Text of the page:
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The primaries in Kentucky and Oregon
Article added on May 21, 2008 at 13:05 Brussels time
  
After the primaries in Kentucky and Oregon, Barack Obama rightly claims that he has secured the majority of pledged delegates to the Democratic Convention in August. There is no way Hillary Clinton can undo the results of the caucuses and primaries of the Democratic party  base. To reverse the choice of the majority, the superdelegates would need an extremely strong reason, one that is not in sight yet.

In Kentucky, with 100% of precincts reporting, Hillary Clinton won impressive 65% of the Democratic vote, Barack Obama only 30%. In Oregon however, with 87% of precincts reporting, Barack Obama is leading with 58% in front of Hillary Clinton with 42% of the Democratic vote. In Kentucky, 51 pledged delegates were at stake, in Oregon 52.

Barack Obama has not faltered after reverend Jeremiah Wright's TV appearances and the Democratic frontrunner's subsequent fall out with his longtime pastor. Although Obama was hugely embarrassed by Wright's TV interviews, the break up with his pastor has neither harmed him sensitively within the African-American community nor within the White majority in Oregon.

However, as expected by the polls, Barack Obama clearly lost Kentucky to Hillary Clinton. Since John F. Kennedy narrowly defeated Richard Nixon in the 1960 presidential race, no Democrat has won the presidency without carrying the state of Kentucky.

Furthermore, among Hillary Clinton's supporters in Kentucky, a staggering 80% said that they would be unhappy with Barack Obama as the Democrats' presidential candidate. Only one-third of the Clinton supporters said that they would vote for Obama in November, if he became the party's nominee.

The dissatisfaction both with the Clinton and the Obama supporters with their respective party rival is growing. We can only repeat ourselves: the quicker this race is over, the better for the Democrats. The further the nomination fight drags on, the longer the healing process within the party will be.



Unfortunately for the Democrats, Hillary Clinton is still far from conceding defeat. On the contrary, she hopes that the superdelegates will reverse the fortunes and make her the party's presidential nominee. But even with superdelegates, Barack Obama is ahead of Hillary Clinton. Counting all delegates and superdelegates, Barack Obama is only some 70 votes away from the majority of all delegates.

In the last primaries, there are only 85 pledged delegates left to be won. Therefore, even Barack Obama needs to win additional superdelegates in order to win the nomination. Before the primaries in Kentucky and Oregon, there were still 221 undecleared superdelates left.

After his win in Oregon, Barack Obama chose Iowa to address his supporters. This is a clear indication that he is shifting his attention away from Hillary Clinton and towards John McCain.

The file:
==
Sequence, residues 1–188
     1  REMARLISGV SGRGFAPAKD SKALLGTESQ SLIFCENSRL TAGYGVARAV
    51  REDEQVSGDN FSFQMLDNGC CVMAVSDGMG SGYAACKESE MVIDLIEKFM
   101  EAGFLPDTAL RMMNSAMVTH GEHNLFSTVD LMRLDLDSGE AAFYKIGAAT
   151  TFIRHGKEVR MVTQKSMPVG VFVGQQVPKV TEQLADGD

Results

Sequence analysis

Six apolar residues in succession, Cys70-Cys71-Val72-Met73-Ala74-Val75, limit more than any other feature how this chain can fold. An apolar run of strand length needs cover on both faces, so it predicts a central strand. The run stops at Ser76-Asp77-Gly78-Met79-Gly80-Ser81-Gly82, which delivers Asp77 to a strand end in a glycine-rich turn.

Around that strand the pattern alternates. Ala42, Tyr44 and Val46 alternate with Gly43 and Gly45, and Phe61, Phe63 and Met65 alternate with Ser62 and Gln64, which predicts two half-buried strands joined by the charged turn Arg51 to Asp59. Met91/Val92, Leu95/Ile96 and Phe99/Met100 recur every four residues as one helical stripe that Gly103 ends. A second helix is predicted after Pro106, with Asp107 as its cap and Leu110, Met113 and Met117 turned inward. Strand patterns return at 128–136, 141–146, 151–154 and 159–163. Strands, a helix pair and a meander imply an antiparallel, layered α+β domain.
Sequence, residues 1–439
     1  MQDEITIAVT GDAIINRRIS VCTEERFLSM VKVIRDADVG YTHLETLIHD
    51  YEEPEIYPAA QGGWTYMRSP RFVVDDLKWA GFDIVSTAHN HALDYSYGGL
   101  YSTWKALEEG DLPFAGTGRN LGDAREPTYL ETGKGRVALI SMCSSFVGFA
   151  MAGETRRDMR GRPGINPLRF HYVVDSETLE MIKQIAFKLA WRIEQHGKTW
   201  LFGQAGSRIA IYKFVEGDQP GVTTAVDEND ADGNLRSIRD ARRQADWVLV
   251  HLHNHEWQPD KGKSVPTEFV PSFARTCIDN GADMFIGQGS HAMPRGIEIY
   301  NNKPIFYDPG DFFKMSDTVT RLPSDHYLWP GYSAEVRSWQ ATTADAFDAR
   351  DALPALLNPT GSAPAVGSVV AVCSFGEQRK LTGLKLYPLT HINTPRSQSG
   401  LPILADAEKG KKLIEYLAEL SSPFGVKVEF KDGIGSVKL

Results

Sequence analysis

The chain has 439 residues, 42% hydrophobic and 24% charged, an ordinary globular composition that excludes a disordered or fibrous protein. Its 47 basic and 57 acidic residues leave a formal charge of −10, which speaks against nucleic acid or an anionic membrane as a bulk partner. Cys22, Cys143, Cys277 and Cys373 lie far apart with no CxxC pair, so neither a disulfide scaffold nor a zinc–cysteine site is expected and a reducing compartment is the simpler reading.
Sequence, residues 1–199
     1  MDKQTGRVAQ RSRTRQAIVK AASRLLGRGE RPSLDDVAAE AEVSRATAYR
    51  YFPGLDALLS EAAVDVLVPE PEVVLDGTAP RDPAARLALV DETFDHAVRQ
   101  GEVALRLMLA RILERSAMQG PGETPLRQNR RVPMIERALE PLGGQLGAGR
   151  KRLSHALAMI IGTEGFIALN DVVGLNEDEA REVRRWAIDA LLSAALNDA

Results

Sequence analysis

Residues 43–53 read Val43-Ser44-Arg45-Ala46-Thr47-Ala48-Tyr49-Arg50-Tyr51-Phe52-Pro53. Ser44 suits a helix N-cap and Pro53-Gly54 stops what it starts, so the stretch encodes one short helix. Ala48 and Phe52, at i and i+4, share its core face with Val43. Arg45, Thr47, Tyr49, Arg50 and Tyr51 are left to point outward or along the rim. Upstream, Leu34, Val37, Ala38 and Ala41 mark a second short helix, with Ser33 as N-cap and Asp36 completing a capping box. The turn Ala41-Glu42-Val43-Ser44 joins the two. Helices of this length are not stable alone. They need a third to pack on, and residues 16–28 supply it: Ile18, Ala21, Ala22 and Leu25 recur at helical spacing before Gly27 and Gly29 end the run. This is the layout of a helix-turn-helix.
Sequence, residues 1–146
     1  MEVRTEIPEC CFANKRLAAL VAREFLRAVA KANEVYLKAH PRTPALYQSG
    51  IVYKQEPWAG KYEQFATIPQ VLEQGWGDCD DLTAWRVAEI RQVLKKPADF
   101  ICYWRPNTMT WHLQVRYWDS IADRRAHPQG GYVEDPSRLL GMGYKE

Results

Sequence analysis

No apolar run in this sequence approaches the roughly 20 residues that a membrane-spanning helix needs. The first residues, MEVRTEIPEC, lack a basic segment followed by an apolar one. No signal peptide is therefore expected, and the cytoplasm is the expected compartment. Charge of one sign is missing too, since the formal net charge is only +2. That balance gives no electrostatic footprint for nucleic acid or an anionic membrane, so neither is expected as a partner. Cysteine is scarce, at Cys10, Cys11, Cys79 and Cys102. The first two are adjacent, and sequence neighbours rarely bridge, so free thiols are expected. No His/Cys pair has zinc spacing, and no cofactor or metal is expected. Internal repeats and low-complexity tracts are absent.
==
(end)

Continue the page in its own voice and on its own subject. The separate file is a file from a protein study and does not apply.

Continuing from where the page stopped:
On May 20th, 2008 Obama told the crowd in Iowa: “The cynics dismissed us as a lot of hype and a little too much hope. And by the fall, the pundits in Washington had all but counted us out. But the people of Iowa had a different idea.” To which I would respond: Obama remains the most overhyped candidate in the race.



Barack Obama has a strong appeal among the more affluent, better educated and liberal voters in Oregon, where almost 60% of the Democrats describe themselves as “liberals” and almost 80% have a college education.

Maybe the best news for Obama from Oregon is that - according to exit polls - he managed to almost draw even with Hillary Clinton among White voters with no college education. It remains to be seen in November whether the voters from West Virginia or the ones from Oregon best describe the whites attitude towards him.

Videos showing sermons by Jeremiah Wright (with or without Barack Obama) will surely flood the internet between August and November. The campaign will get nastier.

John McCain's attack on Barack Obama for being soft on terrorism may well backfire if the situation in Iraq does not improve. It remains a mistery why George W. Bush is not sending additional troops to Iraq. If 30,000 soldiers made a difference, another 30,000 may have an even more profound impact. If Iraq remains a disaster zone until November, the Democrats will not only win both chambers of the parliament, but also the White House.

The best hope for Republicans remains Hillary Clinton. After her impressive win in Kentucky, she made clear that she had no intention to end her race to the White House before the Democratic caucuses and primaries end on June 3: “We are winning the popular vote, and I am more determined than ever to see every vote is cast and every ballot is counted.” Puerto Rico, Montana and South Dakota are the three remaining Democratic contests.


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